MSAD 1 board OKs new PIMS principal, sharing contract

6 years ago

PRESQUE ISLE, Maine — The Maine School Administrative District 1 board of directors approved continuing a superintendent services sharing contract with MSAD 45 in Washburn Wednesday, along with additional services covered under an addendum to the contract.

The MSAD 1 board also named Presque Isle Middle School Assistant Principal Barbara Bartlett as the new middle school principal, to replace retiring Principal Anne Blanchard. The assistant principal position will not be filled at this time, according to superintendent Brian Carpenter.  

The contract approved by MSAD 1 with MSAD 45 covers three years, with a 90 day exit clause, and will see MSAD 45 pay MSAD 1 $63,000 annually, with increases to $64,575 in 2020 and $66,190 in 2021.

The MSAD 45 board also approved continuing the contract, which started in the 2016-2017 school year.

The MSAD 1 board approved the contract with the condition that the board annually review an addendum to the contract that covers the sharing of special education and information technology programs. Under the agreement, MSAD 45 pays MSAD 1 $85 per student for IT services and for two days a week of work from the MSAD 1 special education director.

Some of the board members raised concerns about whether the sharing of special ed and IT services with MSAD 45 was slowing down services to MSAD 1 students.

For instance, the IT services team spent more time than expected working with MSAD 45 on the addition of new standardized testing software, Carpenter said.

The services sharing arrangement comes amid Maine Department of Education efforts to encourage school districts to collaborate as a way to reduce overall school administrative costs. A $165,000 education efficiency grant that expires at the end of the year covered the costs for MSAD 45 to receive IT and special education from MSAD 1.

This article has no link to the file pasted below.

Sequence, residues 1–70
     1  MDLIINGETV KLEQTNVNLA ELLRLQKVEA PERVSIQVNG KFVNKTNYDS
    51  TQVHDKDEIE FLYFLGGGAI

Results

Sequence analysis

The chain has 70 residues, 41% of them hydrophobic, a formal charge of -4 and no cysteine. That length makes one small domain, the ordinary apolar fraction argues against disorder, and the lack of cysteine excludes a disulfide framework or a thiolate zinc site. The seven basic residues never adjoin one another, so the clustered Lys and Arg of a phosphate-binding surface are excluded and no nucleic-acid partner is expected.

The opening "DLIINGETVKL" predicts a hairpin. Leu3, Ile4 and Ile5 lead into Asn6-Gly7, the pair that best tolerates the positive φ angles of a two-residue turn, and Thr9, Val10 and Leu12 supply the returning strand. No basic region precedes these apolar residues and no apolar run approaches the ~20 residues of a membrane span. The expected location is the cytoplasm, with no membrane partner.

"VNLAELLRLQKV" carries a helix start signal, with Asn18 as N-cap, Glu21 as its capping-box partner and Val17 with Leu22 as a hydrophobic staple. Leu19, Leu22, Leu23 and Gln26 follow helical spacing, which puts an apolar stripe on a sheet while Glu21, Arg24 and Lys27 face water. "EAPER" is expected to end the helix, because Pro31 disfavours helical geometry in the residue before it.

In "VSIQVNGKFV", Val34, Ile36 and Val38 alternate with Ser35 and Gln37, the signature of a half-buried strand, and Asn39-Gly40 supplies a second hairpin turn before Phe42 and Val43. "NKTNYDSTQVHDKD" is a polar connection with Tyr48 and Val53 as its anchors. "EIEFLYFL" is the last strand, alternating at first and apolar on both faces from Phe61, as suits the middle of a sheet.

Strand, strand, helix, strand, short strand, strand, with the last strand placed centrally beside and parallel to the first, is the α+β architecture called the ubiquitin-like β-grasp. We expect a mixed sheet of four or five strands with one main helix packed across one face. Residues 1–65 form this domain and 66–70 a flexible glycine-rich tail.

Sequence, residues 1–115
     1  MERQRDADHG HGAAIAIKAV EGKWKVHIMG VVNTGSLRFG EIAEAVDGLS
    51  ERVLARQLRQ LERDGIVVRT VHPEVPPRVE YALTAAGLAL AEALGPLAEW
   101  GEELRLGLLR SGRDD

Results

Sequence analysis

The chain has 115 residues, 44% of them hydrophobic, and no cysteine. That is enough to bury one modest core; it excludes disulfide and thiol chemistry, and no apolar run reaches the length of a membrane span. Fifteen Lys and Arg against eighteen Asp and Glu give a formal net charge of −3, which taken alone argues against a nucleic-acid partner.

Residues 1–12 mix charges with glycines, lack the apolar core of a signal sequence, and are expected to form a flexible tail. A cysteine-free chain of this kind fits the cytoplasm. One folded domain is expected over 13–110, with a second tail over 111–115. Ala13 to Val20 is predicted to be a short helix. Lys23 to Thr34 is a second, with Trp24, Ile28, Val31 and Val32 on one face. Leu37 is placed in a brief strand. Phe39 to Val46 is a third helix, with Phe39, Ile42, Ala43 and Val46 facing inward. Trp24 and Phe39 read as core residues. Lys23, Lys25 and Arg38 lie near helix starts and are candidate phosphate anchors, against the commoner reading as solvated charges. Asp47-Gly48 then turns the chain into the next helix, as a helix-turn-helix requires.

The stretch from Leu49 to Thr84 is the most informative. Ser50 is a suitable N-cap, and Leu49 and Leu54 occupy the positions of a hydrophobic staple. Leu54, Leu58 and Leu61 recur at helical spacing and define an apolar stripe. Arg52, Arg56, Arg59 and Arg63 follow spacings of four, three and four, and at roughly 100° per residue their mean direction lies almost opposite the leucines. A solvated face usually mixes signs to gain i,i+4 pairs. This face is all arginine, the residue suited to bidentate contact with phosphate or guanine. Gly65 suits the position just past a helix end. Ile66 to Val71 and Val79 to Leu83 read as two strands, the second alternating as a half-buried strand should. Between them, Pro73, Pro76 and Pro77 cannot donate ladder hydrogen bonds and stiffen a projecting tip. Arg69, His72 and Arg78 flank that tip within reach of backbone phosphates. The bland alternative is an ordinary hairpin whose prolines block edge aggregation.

Assistant Superintendent Clint Deschene said at the meeting that services sharing among school districts is relatively new territory for school managers so no one is doing it well yet.

“It gets into these debates of who’s winning and who’s losing,” he said. “The reality is the winner is our students because we’re leveraging resources over a larger group.”

It remains to be seen if Maine’s next governor provides more funding for rural school districts, or continues advocating for school districts to share services or consolidate. For now, school districts continue to face the challenges of rising costs and pressure from local communities to not raise property taxes.

“The idea is to stretch ourselves as thin as we can without breaking,” Deschene said about services sharing. “Every month we learn more about what works and what doesn’t work.”

The board meets again in December and will likely discuss next steps following the failure of the $15 million bond referendum to pay for a right-sizing project that would have involved closing both elementary schools and renovating Presque Isle middle school to accommodate all K-8 students..